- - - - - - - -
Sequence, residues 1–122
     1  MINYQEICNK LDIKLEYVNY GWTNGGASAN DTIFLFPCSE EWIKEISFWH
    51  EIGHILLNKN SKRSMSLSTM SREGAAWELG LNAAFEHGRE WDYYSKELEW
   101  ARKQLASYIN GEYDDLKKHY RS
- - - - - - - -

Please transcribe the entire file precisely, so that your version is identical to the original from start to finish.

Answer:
Sequence, residues 1–122
     1  MINYQEICNK LDIKLEYVNY GWTNGGASAN DTIFLFPCSE EWIKEISFWH
    51  EIGHILLNKN SKRSMSLSTM SREGAAWELG LNAAFEHGRE WDYYSKELEW
   101  ARKQLASYIN GEYDDLKKHY RS